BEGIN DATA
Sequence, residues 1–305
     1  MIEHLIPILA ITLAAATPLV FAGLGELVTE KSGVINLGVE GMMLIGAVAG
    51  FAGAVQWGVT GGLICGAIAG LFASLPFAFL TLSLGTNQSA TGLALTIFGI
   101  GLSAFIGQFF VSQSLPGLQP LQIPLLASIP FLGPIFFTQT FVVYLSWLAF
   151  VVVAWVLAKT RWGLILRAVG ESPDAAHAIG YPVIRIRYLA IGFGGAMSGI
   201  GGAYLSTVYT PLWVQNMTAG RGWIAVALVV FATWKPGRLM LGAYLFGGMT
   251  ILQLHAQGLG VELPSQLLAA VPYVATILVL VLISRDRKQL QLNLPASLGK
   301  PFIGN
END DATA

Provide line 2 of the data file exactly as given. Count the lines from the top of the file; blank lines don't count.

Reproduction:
     1  MIEHLIPILA ITLAAATPLV FAGLGELVTE KSGVINLGVE GMMLIGAVAG